The campaign structure settled into a rhythm, a region would introduce a large threat in one game and then it would feature as the main plot in the next. Main plot would take up about a third of the mission slots and end with a finale where everyone took part in one big D&D battle (which took some managing).
Still, D&D was still slow and unbalanced, so…
Late Stage Athesia
We ended up writing our own system. After a false start (that included an optional skirmish wargame component) we settled on a simple system inspired by indie RPGs that could play out an entire adventure in about 90 minutes and didn’t include any special combat rules to slow things down.
The kingdom building system also changed and simplified. Once most of the map had been coloured it became about maintenance rather than expansion. Each of the five regions in the kingdom had five trackers that would be affected by NPC activity and mission outcomes. Players could allocate points to be able to gain extra votes in certain council sessions, gain the ability to adjust the tracks in each region or gain a small edge in the missions.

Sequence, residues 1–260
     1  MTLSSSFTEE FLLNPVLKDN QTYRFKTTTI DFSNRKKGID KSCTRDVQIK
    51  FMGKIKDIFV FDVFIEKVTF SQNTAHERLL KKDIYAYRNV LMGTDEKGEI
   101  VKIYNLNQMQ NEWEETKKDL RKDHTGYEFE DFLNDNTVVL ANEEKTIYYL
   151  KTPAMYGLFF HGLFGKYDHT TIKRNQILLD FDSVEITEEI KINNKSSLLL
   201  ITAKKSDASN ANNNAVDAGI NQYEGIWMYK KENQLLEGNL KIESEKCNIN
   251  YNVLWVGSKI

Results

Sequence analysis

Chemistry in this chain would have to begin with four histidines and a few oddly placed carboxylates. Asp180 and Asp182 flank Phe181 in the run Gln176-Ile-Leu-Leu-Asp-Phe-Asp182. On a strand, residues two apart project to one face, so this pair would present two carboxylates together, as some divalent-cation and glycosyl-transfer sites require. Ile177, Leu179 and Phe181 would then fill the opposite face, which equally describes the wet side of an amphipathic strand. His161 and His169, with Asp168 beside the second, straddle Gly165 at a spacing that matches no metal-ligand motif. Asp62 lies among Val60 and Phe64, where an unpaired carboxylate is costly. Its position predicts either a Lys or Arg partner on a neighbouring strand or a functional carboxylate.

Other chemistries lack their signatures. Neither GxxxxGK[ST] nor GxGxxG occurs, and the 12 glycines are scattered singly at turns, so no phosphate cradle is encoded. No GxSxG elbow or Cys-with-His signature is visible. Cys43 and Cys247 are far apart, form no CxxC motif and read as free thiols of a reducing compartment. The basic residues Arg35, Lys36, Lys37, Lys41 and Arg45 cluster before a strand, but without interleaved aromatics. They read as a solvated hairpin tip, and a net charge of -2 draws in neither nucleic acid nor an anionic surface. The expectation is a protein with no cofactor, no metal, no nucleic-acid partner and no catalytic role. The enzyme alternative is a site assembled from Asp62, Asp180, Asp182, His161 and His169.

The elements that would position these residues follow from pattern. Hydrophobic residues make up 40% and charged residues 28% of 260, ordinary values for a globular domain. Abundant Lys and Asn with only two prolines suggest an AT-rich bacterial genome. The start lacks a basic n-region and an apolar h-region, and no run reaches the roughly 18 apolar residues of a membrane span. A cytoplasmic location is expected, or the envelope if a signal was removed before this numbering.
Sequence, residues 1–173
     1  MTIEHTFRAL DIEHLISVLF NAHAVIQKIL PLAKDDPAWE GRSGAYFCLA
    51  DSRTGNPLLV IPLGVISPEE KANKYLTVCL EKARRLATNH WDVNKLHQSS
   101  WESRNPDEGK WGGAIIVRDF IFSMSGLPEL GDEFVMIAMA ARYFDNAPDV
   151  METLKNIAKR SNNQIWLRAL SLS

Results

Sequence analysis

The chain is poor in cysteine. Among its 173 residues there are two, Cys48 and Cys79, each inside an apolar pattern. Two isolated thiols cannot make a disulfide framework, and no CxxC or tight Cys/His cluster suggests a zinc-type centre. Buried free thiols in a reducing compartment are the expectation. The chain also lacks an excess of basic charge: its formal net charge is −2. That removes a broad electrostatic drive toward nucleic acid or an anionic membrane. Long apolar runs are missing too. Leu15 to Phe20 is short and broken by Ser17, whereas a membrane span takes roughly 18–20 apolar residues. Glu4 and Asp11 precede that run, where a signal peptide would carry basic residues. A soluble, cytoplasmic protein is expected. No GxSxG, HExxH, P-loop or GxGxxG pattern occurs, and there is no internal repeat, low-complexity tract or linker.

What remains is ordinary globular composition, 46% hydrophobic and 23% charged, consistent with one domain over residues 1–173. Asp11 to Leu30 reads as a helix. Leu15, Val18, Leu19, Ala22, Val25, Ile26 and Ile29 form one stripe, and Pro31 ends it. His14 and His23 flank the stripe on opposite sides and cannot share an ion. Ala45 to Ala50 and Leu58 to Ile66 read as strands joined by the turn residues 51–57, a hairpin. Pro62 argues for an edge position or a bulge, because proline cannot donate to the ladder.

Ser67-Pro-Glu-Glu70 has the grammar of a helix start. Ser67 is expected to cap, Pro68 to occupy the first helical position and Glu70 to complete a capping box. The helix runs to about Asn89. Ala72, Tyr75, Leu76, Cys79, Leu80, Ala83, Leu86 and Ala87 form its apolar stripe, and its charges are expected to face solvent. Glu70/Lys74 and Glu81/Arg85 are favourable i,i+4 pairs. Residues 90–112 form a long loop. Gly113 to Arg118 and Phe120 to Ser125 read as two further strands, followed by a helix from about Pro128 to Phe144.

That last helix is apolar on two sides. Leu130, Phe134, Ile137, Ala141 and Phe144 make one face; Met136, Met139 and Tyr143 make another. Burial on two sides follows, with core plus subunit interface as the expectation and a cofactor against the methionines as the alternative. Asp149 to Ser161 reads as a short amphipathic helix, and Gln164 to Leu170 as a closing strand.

We also expanded the senior GMs to be teams of GMs, so now we had a network of plot creation that was even more efficient, since nearly all GMs would now have authorial control over the region they ran a mission in.
All in all this very streamlined version of the game was the best yet and it took us over the finish line of 23 weekend games!
While a more complete write up would be possible, going into more detail, hopefully this broad overview has proved interesting. There will probably be another post relating this more to megagames in the future. While most of the information available online has been lost to hosting services going down, the most recent wiki for the ‘late stage’ game does survive here.
If you know of any other “big game” projects that aren’t widely known I’d be interested in hearing about it, or if you have any questions about the Athesia game do leave a comment.